Mochi comes in many forms – some classify mochi as muah-chee (where it’s a flour ball coated with stuff), or there’s mochi that has filling inside. Hailing from Taichung, Mi Yue Mochi Tang opened a store in Taipei City earlier this year. It usually draws a queue in Taichung, so I was pleased to find it on UberEats in Taipei.
In my order, I decided to try three flavours of mochi – the classic peanut mochi (23NTD; $1.10 SGD), milk tea (tie guan yin) mochi (35NTD; $1.70 SGD), and a taro salted egg mochi (35NTD; $1.70 SGD). Do note that these prices are UberEats prices – it’s around 5NTD cheaper per mochi if you buy it from the store directly!
Before I comment on the taste of the mochi, I’d like to compliment the excellent packaging this shop has. Customers can choose between white rabbit packaging or a ‘medicine pack’ packaging if they purchase at least four mochis – and that’s what I did – to get the cute packaging. I chose the ‘medicine pack’ packaging, which was well-packed in a small bundle. When I got my delivery, I was so tickled that it looked like an actual Chinese medicine pack:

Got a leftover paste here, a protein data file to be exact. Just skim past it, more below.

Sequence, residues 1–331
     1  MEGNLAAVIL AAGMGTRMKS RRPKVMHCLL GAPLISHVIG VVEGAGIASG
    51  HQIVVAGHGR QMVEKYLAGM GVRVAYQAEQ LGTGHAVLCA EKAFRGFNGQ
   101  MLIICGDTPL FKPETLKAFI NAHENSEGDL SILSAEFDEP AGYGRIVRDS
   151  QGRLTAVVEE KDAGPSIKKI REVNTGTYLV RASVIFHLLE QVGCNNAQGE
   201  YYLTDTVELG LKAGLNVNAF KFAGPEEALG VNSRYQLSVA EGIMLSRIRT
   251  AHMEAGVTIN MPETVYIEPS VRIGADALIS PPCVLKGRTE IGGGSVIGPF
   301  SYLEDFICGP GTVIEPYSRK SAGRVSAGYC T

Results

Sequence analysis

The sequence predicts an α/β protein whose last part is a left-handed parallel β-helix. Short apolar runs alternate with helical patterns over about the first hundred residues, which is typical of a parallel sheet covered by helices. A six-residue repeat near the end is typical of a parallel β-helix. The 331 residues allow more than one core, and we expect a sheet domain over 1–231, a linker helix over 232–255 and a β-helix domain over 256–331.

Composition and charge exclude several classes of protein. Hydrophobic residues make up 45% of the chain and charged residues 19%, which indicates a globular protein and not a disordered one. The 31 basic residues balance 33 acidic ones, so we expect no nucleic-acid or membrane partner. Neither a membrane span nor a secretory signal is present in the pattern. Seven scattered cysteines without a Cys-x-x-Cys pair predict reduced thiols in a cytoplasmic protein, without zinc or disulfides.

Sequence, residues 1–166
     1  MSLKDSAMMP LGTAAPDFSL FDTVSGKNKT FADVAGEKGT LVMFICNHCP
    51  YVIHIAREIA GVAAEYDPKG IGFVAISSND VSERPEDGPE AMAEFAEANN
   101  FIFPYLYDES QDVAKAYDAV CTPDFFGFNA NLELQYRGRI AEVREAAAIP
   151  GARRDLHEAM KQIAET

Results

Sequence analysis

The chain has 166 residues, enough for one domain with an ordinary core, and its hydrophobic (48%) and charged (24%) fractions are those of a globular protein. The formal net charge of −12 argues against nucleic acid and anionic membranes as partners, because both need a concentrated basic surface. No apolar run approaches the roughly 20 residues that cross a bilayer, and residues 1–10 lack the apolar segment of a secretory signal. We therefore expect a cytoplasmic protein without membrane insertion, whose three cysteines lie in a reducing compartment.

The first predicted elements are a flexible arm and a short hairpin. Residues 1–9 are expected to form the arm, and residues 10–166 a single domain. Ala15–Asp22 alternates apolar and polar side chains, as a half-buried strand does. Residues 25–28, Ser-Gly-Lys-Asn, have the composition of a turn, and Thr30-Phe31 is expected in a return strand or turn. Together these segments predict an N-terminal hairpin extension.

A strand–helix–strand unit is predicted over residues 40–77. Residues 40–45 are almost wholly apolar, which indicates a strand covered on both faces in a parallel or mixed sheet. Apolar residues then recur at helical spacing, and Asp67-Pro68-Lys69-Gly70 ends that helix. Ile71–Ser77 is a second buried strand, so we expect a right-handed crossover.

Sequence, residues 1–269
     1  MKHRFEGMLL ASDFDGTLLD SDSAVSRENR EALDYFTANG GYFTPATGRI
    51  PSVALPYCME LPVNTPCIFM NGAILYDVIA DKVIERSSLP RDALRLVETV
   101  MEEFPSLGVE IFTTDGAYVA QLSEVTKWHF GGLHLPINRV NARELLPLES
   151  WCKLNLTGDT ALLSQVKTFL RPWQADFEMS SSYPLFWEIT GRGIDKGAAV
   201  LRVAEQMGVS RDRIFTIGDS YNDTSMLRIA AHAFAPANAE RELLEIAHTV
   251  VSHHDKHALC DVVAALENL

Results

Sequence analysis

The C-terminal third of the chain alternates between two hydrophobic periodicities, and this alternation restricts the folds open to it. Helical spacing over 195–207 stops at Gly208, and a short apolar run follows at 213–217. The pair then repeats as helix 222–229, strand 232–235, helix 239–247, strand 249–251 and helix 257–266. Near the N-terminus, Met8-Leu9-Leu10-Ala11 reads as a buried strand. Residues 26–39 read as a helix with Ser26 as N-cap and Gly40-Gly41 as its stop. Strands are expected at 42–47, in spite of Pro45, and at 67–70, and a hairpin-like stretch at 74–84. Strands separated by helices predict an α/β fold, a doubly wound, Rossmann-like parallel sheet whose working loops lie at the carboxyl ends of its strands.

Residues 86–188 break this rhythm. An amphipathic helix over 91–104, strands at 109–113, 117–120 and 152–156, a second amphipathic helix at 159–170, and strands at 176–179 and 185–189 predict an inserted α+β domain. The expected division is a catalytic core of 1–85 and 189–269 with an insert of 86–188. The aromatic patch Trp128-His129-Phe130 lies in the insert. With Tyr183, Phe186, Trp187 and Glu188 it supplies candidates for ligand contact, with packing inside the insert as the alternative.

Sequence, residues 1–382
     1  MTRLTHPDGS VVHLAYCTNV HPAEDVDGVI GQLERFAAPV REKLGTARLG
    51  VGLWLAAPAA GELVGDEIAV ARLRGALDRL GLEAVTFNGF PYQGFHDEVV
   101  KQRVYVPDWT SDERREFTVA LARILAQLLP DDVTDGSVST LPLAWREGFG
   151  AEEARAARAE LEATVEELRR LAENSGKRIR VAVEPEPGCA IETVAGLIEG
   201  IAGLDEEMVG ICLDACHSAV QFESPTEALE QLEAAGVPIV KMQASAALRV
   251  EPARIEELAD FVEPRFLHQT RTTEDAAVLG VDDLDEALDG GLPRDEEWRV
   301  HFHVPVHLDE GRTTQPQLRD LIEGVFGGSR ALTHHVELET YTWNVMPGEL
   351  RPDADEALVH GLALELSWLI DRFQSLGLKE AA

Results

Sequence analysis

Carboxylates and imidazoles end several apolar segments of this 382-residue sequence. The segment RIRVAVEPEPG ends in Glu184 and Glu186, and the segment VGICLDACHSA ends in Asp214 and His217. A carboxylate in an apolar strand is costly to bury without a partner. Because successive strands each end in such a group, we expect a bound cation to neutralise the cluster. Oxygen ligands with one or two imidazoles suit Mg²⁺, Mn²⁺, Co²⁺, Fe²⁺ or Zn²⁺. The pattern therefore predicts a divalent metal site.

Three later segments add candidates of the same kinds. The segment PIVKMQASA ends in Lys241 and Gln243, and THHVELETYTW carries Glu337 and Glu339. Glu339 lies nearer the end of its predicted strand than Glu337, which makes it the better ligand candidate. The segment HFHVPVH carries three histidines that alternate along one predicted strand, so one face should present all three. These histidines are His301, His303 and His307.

The skin of the mochi isn’t flavoured (slightly sweet) and was consistent across all mochis. What I like was that the mochi was chewy yet thin enough. I’ve eaten many mochis where the skin was so thick that it tasted rubbery. This mochi skin is light, soft and chewy – and it doesn’t break easily. It complemented the fillings well.
The classic peanut mochi – the peanut with sugar gave the mochi a good crunch; the different sizes of crushed peanuts gave the mochi a good texture. It was not too sweet and was very satisfying. The mochi was stuffed with peanuts – it was so good.
The milk tea (tie guan yin) mochi – the paste inside consists of ‘tie guan yin’, bean and milk paste. It wasn’t blended and instead was layered within the mochi. If you like the filling of typical mooncakes, you’d like this. I felt that the taste of the filling was a tad too strong. Unlike the peanut mochi that had different textures, eating this mochi felt like eating a snow-skin mooncake. It was good, but perhaps I’d instead share it with a friend next time – one is too much for a single sitting.
The taro salted egg mochi – the taro paste was slightly sweet, and the ‘powdered’ salted egg yolk filling was nicely salted that wasn’t too salty. The contrast in flavour is good, and the different textures with the soft mochi skin made it a nice snack.
If you’re around Taichung or Taipei City, I’d recommend you to try it out. From the excellent variety in flavours to how good it tasted, it’s a worthwhile snack.
Classic Peanut Mochi – 👍👍👍👍👍
Tie Guan Yin Mochi – 👍👍
Taro Salted Egg Mochi – 👍👍👍👍